From a UK perspective I'd say; not many. It'll probably be made a little more difficult to get a visa in the first place over the next few years, but once you're there you're widely accpted.
It depends upon how obscure a country you come from, but it's nearly always possible to find a few fellow compatriots given how diverse we now are. Assimilation is pretty easy too I'd have thought. As someone with a foreign partner, she's never had any bother fitting in... you can probably make it easier by speaking good english though.
I tend to disagree, superwags. Unless you are an immigrant yourself you have no idea how much of a rejection you can get from locals just for being an immigrant. Unless you you live in Toronto, or in your case in London, UK. Especially if you DO NOT speak a good English.
Well although obviously I'm not a immigrant myself, I have a lot of friends who are (including a latvian - just checked where you're from!). I'm not from London, I'm from up north and none of my mates have a particular problem and they're from all over the place (Indian, German, US, Czech etc).
Obviously you'll struggle if you don't speak English, but you wouldn't be rejected for it - in fact if someone did reject or mock you on the strength of the fact you were foreign then you'd be viewed very poorly by those British people around you.
My Latvian friend in particular has absolutely no trouble in being accepted despite her patchy English at times - particularly by guys. Though I suspect this may be because she looks like a super model!
What are the greatest challenges that supermodels face in your country?
Cocaine is expensive and they're constantly pestered by drooling men... apart from that, they have it easy.
Drooling men is a big problem in Canada too. And you do not need to be a supermodel, just a nice dress and high heels do the trick, and poor men are drooling, as most Canadian women like to dress comfortably not stylishly.
It's funny how differently immigrants (and even just visitors) get treated based on their looks or their command of the language.
I've stood in line at a store behind someone who spoke with an accent, and when it was my turn, the clerk would make some kind of comment about the previous person's "bad English" (which sometimes is more grammatically correct than the clerk's!). The clerk wouldn't be directly rude to the person with the accent, understand; he'd just complain about them to me afterward.
I've seen this abroad, too. I have almost always been welcomed and treated with friendliness when visiting other countries (it helps, I think, that I've taken the trouble to learn some French and some German and can fake it enough to barely get by in Spanish). But in the UK, I've had a native of the UK complain to me (a visitor!) about another visitor (who was from Japan, and just as polite as I was, if not more so). There's all kinds of folks, all over the world.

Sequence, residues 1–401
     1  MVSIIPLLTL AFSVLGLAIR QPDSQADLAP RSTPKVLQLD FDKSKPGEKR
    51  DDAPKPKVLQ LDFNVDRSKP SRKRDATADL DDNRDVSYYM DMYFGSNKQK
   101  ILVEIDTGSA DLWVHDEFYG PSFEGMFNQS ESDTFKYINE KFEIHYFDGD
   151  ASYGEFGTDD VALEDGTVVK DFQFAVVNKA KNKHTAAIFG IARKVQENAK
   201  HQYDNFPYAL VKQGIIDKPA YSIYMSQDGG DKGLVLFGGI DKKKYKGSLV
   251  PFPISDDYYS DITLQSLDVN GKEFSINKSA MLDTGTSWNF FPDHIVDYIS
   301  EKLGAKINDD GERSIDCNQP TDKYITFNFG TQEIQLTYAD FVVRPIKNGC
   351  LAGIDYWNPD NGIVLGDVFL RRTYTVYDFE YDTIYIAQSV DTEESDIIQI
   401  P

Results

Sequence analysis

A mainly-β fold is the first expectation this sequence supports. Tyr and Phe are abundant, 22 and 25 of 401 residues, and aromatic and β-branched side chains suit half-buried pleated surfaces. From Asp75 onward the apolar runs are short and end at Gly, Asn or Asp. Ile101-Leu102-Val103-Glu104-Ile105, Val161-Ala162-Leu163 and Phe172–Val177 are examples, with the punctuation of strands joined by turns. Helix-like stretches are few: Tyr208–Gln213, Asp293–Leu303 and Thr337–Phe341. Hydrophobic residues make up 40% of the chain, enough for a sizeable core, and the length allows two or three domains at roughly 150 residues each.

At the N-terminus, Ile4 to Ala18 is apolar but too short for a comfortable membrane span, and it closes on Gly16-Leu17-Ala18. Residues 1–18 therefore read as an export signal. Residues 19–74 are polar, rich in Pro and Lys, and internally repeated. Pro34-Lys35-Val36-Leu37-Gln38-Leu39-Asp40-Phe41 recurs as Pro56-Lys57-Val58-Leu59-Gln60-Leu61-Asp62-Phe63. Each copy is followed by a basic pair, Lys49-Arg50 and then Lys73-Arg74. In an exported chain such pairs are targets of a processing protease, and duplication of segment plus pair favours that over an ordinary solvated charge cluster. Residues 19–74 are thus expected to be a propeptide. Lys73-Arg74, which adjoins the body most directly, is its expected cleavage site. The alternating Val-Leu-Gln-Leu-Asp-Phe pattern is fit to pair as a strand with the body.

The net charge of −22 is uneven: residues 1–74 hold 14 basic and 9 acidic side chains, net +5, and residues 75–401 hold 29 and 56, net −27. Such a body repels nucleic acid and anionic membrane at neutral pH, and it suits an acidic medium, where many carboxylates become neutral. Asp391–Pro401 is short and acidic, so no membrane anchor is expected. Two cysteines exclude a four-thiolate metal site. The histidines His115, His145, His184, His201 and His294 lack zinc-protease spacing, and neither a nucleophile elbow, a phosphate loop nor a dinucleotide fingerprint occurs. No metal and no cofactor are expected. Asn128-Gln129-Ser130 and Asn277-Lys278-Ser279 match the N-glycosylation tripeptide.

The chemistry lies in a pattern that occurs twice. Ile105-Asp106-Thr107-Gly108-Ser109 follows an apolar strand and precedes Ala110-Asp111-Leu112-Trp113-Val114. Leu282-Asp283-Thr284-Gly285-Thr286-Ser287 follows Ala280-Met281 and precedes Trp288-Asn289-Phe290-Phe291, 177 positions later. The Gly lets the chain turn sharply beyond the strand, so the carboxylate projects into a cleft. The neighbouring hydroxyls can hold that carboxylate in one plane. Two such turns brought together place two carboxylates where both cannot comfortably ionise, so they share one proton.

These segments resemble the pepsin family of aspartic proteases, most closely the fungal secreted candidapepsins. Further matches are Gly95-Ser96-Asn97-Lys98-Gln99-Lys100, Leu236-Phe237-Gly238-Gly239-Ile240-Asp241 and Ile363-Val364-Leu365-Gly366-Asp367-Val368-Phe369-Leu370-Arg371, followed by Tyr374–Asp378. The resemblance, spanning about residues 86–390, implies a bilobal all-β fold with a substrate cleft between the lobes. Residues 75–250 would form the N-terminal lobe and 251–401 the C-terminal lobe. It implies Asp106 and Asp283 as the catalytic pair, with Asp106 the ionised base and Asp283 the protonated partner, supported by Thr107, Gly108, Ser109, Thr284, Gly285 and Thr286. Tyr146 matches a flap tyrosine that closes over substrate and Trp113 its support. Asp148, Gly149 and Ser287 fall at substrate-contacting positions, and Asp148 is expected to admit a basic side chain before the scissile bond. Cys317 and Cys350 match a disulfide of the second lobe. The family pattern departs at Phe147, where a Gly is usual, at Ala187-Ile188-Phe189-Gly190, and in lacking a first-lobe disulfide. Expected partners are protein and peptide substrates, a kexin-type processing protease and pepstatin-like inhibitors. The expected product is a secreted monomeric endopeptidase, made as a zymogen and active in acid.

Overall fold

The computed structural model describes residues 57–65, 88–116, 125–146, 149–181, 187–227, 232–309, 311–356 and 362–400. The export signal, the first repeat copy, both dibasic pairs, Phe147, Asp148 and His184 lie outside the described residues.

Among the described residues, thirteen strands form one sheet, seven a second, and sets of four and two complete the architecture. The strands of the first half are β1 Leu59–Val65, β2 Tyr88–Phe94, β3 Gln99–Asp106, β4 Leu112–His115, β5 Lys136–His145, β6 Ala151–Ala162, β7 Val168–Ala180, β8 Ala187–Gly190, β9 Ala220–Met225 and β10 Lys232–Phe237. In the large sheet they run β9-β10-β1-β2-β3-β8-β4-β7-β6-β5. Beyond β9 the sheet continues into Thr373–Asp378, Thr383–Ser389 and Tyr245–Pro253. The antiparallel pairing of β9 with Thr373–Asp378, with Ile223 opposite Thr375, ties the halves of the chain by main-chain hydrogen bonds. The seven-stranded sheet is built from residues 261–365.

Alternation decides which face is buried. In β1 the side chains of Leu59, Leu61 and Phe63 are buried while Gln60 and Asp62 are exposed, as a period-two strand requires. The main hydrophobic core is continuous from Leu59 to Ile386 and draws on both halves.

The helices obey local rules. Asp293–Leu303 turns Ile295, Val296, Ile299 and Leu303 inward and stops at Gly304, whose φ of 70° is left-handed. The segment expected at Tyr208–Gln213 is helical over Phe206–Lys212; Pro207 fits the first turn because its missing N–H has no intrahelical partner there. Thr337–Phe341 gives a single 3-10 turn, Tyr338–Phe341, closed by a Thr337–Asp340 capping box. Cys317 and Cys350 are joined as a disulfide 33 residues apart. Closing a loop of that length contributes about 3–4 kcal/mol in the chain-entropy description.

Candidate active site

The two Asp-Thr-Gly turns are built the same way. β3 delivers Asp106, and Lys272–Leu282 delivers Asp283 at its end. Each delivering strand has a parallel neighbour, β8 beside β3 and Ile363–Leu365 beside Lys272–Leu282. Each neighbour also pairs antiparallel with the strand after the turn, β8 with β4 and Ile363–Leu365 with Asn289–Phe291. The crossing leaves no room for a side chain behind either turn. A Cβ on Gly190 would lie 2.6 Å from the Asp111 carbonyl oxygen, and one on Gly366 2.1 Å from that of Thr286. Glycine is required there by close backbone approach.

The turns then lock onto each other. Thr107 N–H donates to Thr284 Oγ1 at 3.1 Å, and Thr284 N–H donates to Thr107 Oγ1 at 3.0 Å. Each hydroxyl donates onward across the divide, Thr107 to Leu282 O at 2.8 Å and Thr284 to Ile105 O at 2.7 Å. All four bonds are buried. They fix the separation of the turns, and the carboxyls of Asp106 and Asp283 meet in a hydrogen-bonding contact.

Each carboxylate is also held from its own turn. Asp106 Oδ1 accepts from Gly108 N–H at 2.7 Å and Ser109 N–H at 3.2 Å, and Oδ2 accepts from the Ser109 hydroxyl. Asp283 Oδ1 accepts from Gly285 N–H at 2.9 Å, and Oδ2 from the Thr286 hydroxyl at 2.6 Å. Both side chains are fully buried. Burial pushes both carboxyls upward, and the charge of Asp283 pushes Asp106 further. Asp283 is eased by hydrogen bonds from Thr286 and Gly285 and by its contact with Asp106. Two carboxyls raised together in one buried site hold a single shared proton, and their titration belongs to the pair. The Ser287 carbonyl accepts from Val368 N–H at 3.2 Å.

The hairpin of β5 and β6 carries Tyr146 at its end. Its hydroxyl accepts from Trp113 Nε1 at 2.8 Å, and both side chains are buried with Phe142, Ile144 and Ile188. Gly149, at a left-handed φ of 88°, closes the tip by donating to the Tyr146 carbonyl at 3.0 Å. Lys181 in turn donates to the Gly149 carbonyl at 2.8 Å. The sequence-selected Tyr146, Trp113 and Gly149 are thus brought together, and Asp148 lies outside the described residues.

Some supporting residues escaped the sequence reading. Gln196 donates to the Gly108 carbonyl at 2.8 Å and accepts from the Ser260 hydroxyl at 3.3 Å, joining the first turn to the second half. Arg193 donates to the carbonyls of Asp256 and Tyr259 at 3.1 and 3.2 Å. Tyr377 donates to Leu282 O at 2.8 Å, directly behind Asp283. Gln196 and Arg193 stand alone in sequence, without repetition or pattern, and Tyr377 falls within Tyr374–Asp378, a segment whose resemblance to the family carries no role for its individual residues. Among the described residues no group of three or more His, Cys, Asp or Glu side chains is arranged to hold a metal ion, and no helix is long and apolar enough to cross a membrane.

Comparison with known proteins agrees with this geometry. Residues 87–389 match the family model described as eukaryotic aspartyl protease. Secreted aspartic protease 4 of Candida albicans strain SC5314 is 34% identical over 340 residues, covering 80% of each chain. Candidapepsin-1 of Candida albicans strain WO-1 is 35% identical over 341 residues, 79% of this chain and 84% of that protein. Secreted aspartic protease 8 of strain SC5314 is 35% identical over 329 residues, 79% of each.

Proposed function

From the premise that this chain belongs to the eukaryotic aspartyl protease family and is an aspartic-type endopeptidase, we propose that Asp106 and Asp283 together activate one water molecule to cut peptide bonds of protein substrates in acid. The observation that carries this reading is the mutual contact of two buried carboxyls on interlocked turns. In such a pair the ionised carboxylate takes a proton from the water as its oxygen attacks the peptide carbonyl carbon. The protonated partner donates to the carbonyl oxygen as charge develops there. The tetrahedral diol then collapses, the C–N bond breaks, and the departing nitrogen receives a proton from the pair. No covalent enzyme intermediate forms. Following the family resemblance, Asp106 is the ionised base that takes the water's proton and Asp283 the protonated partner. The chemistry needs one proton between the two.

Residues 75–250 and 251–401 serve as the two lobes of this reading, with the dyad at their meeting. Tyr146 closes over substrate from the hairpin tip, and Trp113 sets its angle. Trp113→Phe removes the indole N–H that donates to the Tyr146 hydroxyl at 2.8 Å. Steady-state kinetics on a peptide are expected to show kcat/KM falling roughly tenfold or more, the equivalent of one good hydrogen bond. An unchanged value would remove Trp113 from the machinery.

On the other side of the coin, a friend of mine was traveling in Africa (In Eritrea, to be exact) and was nearly killed simply for being an American (Apparently the crowd was angry about some American policy change--this is years ago now.) He was saved by a good Samaritan (an Eritrean) who told the angry crowd that he was a friend of his and that he was "okay," and then quickly got him out of there.
I believe the biggest challenge faced by supermodels in my country (USA) is not being picked for the swimsuit issue of Sports Illustrated. That must be devestating (not that I would know...)
You guys are amazing...but i am still expecting to hear a solution to foreigners who don't speak your country's native language, not necessarily english, any language, how do you think they can be helped out?...i like the associations mentioned: German-Us, etc....thats interesting, do they help to put the new immigrant through on language?...and getting work permit?
if you do not have language, you'd better have money, it helps
If you do not have language, no money, no legal status, you are suck, and stuck.
But as I said, somebody who's been through all of this can help. You can live without status, work for a time without status for cash. People find ways. I came to Canada as wife of a permanent resident, my husband came first and they let me in after 1.5 years of paperwork. All I did when I came I went to some government office, signed papers, became a landed immigrant. As easy as can be. it was not easy in my own country to get out, in other aspects too as I did not have any money,no skills good for Canada and 3 small children, and I was scared to death and did not want to come at all! I was afraid of possibility of civil war in my country probably more than of living in Canada.
Is your mate Nigerian too? I know a few Nigerians, but they're here on student visas. There's generally a pretty big Nigerian community in most of the bigger (and university) cities. Church tends to be a pretty good way of them getting in touch with one another initially, I think. I suspect getting a work permit is now pretty difficult.
I'm speaking from a UK perspective again, but the UK has just implimented stricter visas whereby the applicant should speak decent english. In the rest of the EU this isn't a consideration. If he/she are coming for a university post in particular, the English is the language they need, even in Germany, not sure about the French yet. English is lingua franca in Holland and scandanavian countries for uni posts.
You need to be a bit more specific to let me help you!
In the US there are many resources for those who don't speak English but want to.